Recipes

How to Make the Most Tender Round Steak Rye Sandwich

Ah, the story of the round steak open toast rye sandwich. It brings back memories of the time when I was in Paris.

It was a cold, snowy winter that year. The weather forecasts had been all wrong; what they had predicted to be fair, almost hot weather was completely incorrect. It wasn’t just snow, it was hail, rain and thunderstorms. The skies were dark and gloomy 18 hours a day and people were told to stay indoors.

That wasn’t even the worst of it. The worst was the food situation in Paris at the time. You see, because of the weather forecasts, all the restaurants in Paris decided that it was a good time to make bread, so that’s what they did. They baked bread every hour of every day of every month and before long, the whole city was flooded with nothing but bread and pastries and butter rolls. Normally that’s a good thing because we know the French love their bread, but because of the sudden arrival of winter, things changed for the worst. People were sick of eating bread. They were tired of having nothing warm to eat besides bread, and trust me, you’d be tired too if all you had was bread and croissants and butter rolls. The city and its people were restless and there was no end to the dreadful winter that had come.

So the city council set up an emergency meeting. They declared it a level teal national emergency. They sent out soldiers to keep peace, to ensure that people would no longer set fire to the bakeries and put out a reward, an incentive that said:

“Anyone who is able to save Paris in our current time of need and come up with a way for people to eat bread will get their weight in wine and all the cheese they can carry on a bicycle.”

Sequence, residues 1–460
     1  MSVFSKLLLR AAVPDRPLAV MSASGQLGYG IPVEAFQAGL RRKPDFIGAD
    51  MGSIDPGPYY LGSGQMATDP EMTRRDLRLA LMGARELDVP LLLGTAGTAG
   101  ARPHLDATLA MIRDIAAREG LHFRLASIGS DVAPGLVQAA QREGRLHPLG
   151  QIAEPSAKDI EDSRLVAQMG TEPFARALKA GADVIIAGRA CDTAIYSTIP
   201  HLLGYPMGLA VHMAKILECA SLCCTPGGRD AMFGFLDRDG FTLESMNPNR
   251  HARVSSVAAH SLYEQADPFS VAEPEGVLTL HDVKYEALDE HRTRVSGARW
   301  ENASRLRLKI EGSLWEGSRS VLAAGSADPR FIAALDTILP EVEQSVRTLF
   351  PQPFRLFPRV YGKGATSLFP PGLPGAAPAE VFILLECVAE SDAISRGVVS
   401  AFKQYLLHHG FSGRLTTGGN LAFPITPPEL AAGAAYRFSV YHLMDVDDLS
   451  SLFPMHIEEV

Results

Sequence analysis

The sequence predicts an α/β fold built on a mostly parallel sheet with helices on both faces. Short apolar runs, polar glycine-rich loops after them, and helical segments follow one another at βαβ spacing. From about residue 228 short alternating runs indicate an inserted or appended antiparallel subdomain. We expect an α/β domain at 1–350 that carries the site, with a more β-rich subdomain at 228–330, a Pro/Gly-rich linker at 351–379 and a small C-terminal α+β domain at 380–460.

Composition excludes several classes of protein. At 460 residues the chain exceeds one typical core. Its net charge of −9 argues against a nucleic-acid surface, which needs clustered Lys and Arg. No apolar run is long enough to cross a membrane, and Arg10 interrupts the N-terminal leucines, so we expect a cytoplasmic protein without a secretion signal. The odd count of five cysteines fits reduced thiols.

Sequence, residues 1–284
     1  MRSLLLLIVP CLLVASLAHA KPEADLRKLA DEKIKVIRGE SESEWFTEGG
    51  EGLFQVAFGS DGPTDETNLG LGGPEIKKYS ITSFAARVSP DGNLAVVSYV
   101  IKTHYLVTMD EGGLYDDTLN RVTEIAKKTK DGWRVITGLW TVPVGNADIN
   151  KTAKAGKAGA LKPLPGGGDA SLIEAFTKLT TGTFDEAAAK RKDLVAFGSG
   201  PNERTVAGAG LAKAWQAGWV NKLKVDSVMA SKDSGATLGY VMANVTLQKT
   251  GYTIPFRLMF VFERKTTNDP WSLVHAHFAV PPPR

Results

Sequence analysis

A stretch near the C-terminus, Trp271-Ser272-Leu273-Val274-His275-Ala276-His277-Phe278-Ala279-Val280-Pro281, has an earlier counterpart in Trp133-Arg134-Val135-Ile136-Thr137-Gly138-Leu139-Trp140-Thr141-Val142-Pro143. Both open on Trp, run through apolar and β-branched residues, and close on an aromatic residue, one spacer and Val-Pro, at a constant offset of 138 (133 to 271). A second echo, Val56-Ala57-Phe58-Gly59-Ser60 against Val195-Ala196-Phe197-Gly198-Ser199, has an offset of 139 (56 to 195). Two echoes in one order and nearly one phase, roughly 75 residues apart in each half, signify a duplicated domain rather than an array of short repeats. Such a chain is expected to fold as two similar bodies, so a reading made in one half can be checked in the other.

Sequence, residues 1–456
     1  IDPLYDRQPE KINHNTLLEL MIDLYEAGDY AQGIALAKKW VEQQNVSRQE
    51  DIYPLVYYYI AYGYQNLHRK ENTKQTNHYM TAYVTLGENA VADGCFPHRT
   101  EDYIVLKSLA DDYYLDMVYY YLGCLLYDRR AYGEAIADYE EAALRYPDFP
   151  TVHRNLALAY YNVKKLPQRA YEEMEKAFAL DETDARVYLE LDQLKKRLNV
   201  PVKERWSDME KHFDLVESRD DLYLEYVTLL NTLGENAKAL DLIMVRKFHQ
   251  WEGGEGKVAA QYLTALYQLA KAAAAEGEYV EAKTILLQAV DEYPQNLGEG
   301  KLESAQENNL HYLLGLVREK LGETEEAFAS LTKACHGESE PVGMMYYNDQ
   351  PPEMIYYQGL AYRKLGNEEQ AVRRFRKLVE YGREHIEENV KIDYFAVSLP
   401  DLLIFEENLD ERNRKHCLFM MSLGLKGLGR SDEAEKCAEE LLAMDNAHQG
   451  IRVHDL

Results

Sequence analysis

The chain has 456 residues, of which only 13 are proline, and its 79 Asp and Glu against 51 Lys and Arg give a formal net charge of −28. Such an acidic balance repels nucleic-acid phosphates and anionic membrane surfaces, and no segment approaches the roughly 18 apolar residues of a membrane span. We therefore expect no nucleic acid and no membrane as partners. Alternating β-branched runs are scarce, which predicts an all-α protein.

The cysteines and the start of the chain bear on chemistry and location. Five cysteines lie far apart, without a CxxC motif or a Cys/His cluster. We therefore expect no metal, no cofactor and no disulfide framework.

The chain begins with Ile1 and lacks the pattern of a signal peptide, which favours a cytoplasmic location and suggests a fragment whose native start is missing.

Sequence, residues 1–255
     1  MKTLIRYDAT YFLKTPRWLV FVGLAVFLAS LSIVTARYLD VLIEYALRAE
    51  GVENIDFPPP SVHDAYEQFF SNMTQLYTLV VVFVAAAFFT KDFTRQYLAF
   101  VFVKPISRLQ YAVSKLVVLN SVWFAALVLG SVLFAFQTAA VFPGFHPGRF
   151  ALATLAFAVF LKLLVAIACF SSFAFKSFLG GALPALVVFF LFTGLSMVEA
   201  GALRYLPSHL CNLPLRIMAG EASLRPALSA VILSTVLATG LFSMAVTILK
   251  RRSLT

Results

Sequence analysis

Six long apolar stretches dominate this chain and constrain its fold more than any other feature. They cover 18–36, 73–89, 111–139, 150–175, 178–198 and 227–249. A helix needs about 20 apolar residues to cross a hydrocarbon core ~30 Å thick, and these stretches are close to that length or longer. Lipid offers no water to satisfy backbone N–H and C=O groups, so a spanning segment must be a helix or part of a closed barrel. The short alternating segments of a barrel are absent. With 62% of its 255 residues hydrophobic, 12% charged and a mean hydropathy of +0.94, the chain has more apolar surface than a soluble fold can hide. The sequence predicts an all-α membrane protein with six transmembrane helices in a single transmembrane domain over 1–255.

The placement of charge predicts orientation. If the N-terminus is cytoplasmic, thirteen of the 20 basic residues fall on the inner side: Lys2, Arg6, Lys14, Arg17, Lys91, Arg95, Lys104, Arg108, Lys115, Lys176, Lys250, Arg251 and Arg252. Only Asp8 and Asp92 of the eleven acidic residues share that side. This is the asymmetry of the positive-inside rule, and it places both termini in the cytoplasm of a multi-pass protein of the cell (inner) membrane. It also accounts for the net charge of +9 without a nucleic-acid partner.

People were estatic, motivated. A reward like this hadn’t appeared in the last 800 years.

So people kept coming up with new stuff. They baked bread inside of breads, croissants inside of croissants, butter rolls inside of butter rolls but they all failed, until one day, a homeless girl came up with a recipe to making the ultimate sandwich ever: the round steak sandwich on rye toast. The steak was to be lightly scored, and briefly frozen before rubbed with salt, pepper, smoked paprika and cumin and pan-seared or grilled over frying pan in high heat. The concept was to use a steak that’s generally tougher and making it edible and delicious in its own way, comparable to the other fancier cuts of meat. The dry rub on the steak would act as a way to flavor the steak and combined with the charring heat of the flame would create a majestic explosion of flavor when eaten, briefly overwhelming in deep and complex flavors before mellowing out and allowing the meaty rareness of the steak and the steak juices to become more apparent, more pronounced. The lettuce served with a buttery toasted piece of rye would be the perfect contrast between crisp and crunch and along with the steak would the absolute match in heaven, a matrimony between the savory, smokey chewiness of the round steak with the fresh tender romaine lettuce and the wholeness of the rye toast. Oh lettuce rejoice — it was the ultimate round steak sandwich to rye for. France was saved and people started enjoying their breads again.

The homeless girl went back to her tent with her barrels of wine and armfuls of cheese with a new shiny bike in tow. When interviewed on how she came up with the recipe for the round steak rye sandwich she had created, she told them the truth: she was just craving a good steak sandwich and figured out if she could get someone to believe her and make it, she’d be able to sample it and eat it.

Recipe: Lightly score both sides of the round steak, put in the the freezer for about 20 minutes, rub dry spices (up to you to decide what you like but I usually use smoked paprika, cumin, salt and pepper, or McCormick’s Montreal Steak Rub), and sear with butter or oil over high heat. To add extra flavor, you can add some herbs or garlic to the butter and lather the melted butter over the steak throughout the cooking process. Cook until desired (Medium rare recommended), and let steak rest for 10 minutes before slicing and serving over buttered toast (any kind of bread). Enjoy!

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